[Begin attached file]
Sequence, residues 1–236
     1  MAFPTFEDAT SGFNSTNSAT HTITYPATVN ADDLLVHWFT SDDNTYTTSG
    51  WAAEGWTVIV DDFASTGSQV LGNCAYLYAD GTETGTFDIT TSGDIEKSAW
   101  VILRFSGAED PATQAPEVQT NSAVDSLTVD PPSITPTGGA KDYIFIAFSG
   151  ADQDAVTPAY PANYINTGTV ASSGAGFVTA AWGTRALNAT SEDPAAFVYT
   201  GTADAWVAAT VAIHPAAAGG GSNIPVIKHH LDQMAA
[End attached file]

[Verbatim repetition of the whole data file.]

Sequence, residues 1–236
     1  MAFPTFEDAT SGFNSTNSAT HTITYPATVN ADDLLVHWFT SDDNTYTTSG
    51  WAAEGWTVIV DDFASTGSQV LGNCAYLYAD GTETGTFDIT TSGDIEKSAW
   101  VILRFSGAED PATQAPEVQT NSAVDSLTVD PPSITPTGGA KDYIFIAFSG
   151  ADQDAVTPAY PANYINTGTV ASSGAGFVTA AWGTRALNAT SEDPAAFVYT
   201  GTADAWVAAT VAIHPAAAGG GSNIPVIKHH LDQMAA